February 23, 2018

The Advocate's Toolbox

Free Virtual Conference to Help Librarians Teach Data Literacy

LiteracyVirtualEvent-CoverUnderstanding data and statistics is vital for students—and teaching that skill is no longer a responsibility exclusive to math teachers. With the Common Core State Standards’ emphasis on informational text, students increasingly have reasons to use data across all content areas.

Next month, a free, virtual conference will give educators and librarians support in teaching students how to digest and communicate data in their schoolwork as well as outside the classroom.

The 4T Virtual Conference on Data Literacy: Creating Data Literate Students will take place July 14–15 and focus on statistical literacy, data visualization, and using data in arguments. The online event is part of The Supporting Librarians in Adding Data Literacy Skills to Information Literacy Instruction project, a two-year initiative at the University of Michigan School of Information and University Library.

Funded in part by a grant from the Institute of Museum and Library Services, the project aims to give librarians, especially those at the high school level, the data and statistically literacy skills they need to help their students develop “critical comprehension skills.” While the project primarily focuses on high school librarians, middle school librarians would likely benefit from the conference as well, the organizers say.

“I want librarians to recognize that having a small toolkit of high-impact data literacy strategies can make a significant difference in our students’ understanding,” says Kristin Fontichiaro, an assistant professor in the University of Michigan School of Information and a co-principal investigator on the project.

Conference participants can glean strategies in:

  • Deciphering statistical data
  • Asking questions of data
  • Using data to write arguments
  • Creating and understanding data visualization

Mini-Lessons on Using Data

Connie Williams, a teacher librarian at Petaluma High School in Petaluma, CA, and one of the educators working on the project, says that understanding data is important for using grading systems and looking at standardized test results.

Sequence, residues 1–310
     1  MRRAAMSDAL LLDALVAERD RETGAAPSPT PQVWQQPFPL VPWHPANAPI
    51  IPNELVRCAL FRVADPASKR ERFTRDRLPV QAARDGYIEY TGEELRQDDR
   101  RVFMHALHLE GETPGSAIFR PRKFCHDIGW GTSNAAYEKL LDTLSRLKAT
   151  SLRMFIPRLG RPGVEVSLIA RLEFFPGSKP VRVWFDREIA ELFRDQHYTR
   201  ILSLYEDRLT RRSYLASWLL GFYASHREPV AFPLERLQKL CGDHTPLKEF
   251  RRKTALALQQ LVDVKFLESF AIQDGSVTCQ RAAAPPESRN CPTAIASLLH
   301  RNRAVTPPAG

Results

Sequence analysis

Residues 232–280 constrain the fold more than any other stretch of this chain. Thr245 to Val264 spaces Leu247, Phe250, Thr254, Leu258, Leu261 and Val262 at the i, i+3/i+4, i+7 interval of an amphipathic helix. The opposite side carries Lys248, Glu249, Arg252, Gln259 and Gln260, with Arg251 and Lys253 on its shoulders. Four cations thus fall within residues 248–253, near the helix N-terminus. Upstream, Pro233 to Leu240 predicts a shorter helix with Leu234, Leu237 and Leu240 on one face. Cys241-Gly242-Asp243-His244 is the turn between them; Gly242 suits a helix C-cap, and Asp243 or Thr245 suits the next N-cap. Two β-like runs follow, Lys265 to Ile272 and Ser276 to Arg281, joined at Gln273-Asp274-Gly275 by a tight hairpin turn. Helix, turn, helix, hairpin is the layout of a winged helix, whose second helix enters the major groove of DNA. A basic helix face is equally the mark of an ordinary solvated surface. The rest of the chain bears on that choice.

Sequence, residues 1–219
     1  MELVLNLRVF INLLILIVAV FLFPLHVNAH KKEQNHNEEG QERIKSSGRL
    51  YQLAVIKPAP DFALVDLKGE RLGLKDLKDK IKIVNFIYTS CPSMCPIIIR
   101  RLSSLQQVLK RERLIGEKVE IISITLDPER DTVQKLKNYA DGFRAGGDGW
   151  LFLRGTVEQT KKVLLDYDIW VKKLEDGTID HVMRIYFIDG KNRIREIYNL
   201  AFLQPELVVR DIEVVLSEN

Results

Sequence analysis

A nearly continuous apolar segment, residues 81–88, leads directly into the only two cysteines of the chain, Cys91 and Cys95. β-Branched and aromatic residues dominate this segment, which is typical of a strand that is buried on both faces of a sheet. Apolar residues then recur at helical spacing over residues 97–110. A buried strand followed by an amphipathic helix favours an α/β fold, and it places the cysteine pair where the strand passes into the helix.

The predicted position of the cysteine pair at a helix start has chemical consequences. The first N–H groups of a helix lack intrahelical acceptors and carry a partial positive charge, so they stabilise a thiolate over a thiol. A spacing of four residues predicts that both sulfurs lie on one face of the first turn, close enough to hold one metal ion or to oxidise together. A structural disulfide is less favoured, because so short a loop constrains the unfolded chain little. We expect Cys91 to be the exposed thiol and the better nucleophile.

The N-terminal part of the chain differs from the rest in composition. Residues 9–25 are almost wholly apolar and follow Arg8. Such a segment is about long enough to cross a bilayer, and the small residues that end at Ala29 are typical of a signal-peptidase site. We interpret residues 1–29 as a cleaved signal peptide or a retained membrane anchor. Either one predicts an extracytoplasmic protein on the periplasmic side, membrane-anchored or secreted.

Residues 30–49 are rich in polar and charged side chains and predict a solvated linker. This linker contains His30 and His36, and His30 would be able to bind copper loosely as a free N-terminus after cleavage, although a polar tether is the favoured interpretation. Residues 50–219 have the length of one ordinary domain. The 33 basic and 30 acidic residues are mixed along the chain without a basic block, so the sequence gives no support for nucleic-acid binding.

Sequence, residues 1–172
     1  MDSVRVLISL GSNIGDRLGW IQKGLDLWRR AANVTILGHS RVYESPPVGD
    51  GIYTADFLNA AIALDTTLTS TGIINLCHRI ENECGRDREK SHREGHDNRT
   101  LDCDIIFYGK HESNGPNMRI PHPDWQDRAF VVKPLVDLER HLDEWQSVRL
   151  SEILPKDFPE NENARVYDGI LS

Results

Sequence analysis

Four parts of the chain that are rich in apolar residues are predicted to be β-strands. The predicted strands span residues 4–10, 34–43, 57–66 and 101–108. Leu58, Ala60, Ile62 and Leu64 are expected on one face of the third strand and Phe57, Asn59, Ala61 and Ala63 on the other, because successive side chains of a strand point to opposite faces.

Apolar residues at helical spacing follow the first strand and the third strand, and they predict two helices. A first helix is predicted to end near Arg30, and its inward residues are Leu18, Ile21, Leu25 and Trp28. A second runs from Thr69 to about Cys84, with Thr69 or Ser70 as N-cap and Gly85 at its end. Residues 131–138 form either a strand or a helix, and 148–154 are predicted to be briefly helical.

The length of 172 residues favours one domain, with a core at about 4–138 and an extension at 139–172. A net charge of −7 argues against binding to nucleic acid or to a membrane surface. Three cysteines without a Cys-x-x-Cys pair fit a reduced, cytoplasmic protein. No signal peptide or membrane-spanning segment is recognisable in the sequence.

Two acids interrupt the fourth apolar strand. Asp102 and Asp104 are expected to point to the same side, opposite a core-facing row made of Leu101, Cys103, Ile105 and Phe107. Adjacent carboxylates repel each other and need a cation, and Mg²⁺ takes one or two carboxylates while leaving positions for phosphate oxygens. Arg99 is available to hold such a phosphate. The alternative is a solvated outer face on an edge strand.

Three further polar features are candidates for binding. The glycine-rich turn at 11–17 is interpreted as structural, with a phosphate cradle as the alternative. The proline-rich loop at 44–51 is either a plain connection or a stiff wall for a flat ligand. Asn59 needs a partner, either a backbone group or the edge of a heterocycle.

“It’s important to be able to ask the right questions so that we can get the answers that inform great changes,” she says, adding that teaching students to properly evaluate the data they see every day is a “huge part” of media literacy. “In today’s connected world there are so many memes, data points, and headlines that promote arguments, persuasions, or points of view, and kids have to be able to sift through the numbers and beautiful graphics to gather the evidence that supports the argument.”

In addition to two virtual conferences—this year and next—the project will also provide librarians with a handbook of background information, basic rules for using data and mini-lessons developed by teams of data and curriculum experts. The intent is to give librarians ideas that they can easily weave into the lessons they are already teaching.

A mini-lesson might “cover a quick intro to a census data tool so that students could find reliable population stats,” says Jo Angela Oehrli, a co-principal investigator and an associate librarian in the University of Michigan Library. “Another lesson might be an infographic-of-the-day lesson where students dissect the meaning of a visualization.”

In each chapter of the handbook, Fontichiaro adds, authors are providing “quick recipes” for how educators can include data and statistics into their practice. “So whether you have five minutes, 30 minutes or multiple days, you’ll have ideas for how you can build your students’ skills over time,” she says.

Professional development materials, such as webinars and discussion questions, will also be developed as part of the project.

“If even one librarian says ‘I don’t tell students to skip the statistics part of articles anymore,’” Fontichiaro says, “we’ll have done our job.”

Linda Jacobson About Linda Jacobson

SLJ contributor Linda Jacobson is an education writer and editor based in the Los Angeles area.

Building Literacy-Rich Communities
Hosted by Library Journal and School Library JournalStronger Together is a national gathering of thought leaders and innovators from across the country who will share where and how partnerships between school districts and public libraries are having success. Join us May 10–12 at the University of Nebraska Omaha, as we explore the impact these collaborations are having on the institutions, communities, and kids they serve.
Facts Matter: Information Literacy for the Real World
Libraries and news organizations are joining forces in a variety of ways to promote news literacy, create innovative community programming, and help patrons/students identify misinformation. This online course will teach you how to partner with local news organizations to promote news literacy through a range of programs—including a citizen journalism hub at your library.


  1. Hi Everyone,

    I am Keshav, working for an International in India. Now, I have a sudden challenge in front of me to face by conducting International Literacy Day, which is celebrating on 8th Sept’16. So, the school management has asked me to conduct some activities related to ILD, such that, the school students may get an opportune to learn and lead on the Literacy programs. Hence, I request you suggest few activities wich relates and integrates with the ILD program.